Review: Forbidden by Dekker and Lee

It is the author match made in heaven – the heart-pounding thrills and pacing of Ted Dekker and the heart-rending character development of Tosca Lee – that makes Forbidden such an unforgettable read.

Dekker, known for testosterone-charged thrillers and speculative fiction like the Circle series and Immanuel’s Veins, brings his own brand of allegory to the table. Dekker writes in bold colors and broad strokes about sin in all its tragic loss and the terrible price at which grace is made available.

Lee’s artistry is much more subtle. Yes, she can write a thriller. Demon: A Memoir draws you to its cliff’s edge of decision with the inevitable pull of gravity, the tension mounting in your chest with each turn of the page. But it’s her characters, drawn with a rare depth of dimension rarely seen in any genre that will stick in your imagination for weeks after you close the book.

Combined they create a tour de force of strength and subtlety, characters you come to know and love in a world of deep darkness and danger. Forbidden is set in the far future, 500 years post-apocalyptic, where a new form of science and religion has sprung up. All emotional reactions have been genetically erased from humanity through a viral infection, leaving only the one most necessary for survival – fear. But now, the effects of the virus are breaking down. It is time to feel again.

Five individuals are exposed to the virus’ cure. Five individuals, who must now learn to control their feelings, band together and survive against the onslaught of a political system unwilling to relinquish its greatest strength, the submissive populace driven by fear alone.

Forbidden goes on sale a week from today, September 13th.

I, for one, am already anxiously awaiting the rest of the series.

Dragons, giants and vampires: or, how a good allegory can get under your skin

A good allegory can change the course of history. After all, it was the story of a “sheep-napped” and eaten lamb that convicted King David of his sin against God, Uriah and his wife Bathsheba. (Not familiar with that one? Read 2 Samuel 12…) And it is my fervent prayer that a few good allegories such as Pilgrims Progress and The Chronicles of Narnia will serve to correct and direct my sons’ lives as well.

“Mom,” my 7-year-old said to me after seeing the latest release at the theater, “The Dawn Treader is a lot like that movie we watched about Christian following that path.”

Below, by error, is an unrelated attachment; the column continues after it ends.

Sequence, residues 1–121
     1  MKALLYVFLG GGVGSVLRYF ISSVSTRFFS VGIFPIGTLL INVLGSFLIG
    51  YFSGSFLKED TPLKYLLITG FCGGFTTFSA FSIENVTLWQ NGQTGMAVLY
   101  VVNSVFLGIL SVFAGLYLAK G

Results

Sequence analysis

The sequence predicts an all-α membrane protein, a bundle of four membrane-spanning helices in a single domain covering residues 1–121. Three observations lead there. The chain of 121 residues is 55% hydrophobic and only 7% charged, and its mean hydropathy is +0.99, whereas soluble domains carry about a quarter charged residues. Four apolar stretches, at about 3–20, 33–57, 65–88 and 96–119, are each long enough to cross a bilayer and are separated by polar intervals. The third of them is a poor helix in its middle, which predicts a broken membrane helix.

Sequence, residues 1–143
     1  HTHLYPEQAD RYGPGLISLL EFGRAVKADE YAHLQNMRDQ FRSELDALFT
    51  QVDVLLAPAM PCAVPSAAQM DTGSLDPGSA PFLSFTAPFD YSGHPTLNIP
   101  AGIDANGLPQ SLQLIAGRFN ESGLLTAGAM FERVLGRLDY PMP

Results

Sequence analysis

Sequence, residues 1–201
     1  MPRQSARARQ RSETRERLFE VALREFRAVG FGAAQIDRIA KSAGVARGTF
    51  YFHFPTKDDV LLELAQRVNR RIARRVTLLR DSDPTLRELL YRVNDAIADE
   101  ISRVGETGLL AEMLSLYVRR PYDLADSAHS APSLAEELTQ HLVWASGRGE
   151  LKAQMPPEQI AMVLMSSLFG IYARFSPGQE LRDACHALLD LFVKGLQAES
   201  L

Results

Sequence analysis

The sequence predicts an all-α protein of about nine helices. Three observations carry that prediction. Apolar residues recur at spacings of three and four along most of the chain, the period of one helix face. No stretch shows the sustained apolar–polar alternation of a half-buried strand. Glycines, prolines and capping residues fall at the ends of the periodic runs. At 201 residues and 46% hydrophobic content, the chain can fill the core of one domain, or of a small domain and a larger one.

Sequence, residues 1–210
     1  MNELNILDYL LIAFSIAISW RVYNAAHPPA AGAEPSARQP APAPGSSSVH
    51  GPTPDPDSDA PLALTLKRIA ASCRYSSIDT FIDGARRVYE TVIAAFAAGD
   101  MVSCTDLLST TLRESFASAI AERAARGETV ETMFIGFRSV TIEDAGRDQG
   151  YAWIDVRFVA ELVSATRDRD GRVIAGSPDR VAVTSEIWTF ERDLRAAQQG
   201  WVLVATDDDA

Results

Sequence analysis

I got all misty – I was so proud of his conclusion! It had been a month since we’d watched Pilgrims Progress on DVD. Although I love the themes, I’d always dismissed John Bunyon’s allegory as somewhat cheesy and simplistic, an opinion unfortunately underlined by the bargain-basement production values of the particular video we saw. What I had snobbishly dismissed as weakness is in fact the texts’ greatest strength and may help explain why this 333-year-old story has never been out of print and resonated in my son’s mind.

My second-grader saw the connection between Eustice being trapped in the body of a dragon and the travelling companions Christian and Hopeful being held by the Giant Despair – and how in each case relief and release is available.

It is easy to overcomplicate how God provides salvation for us. That the God of the Universe would care enough about each of us to provide a way for us to become his children is truly a mind-boggling thing. God strips from us the accumulation of our sin and opens the doors of traps we have walked ourselves into through disobedience. It takes true genius to make these concepts of grace readily understandable to a child without losing the vital nuances of our responsibilities in this tale.

When my sons are older and begin to think about girls, I will steer them in the direction of another writer of allegories, the amazing Ted Dekker. I just completed reading his latest novel, Immanuel’s Veins, an allegory of sin and redemption – as well as a fabulous illustration of how love in real life is supposed to work as well.

Dekker ably illustrates just how sneaky our eternal enemy is, how attractive he makes himself and his lies and how he insinuates himself almost seamlessly into our lives if we are not constantly vigilant. And, Dekker does it with the hottest fiction vehicle in the publishing business – vampires.

Yeah, it’s right up my alley. To quote another literary gem, Mary Poppins, “A spoonful of sugar makes the medicine go down!”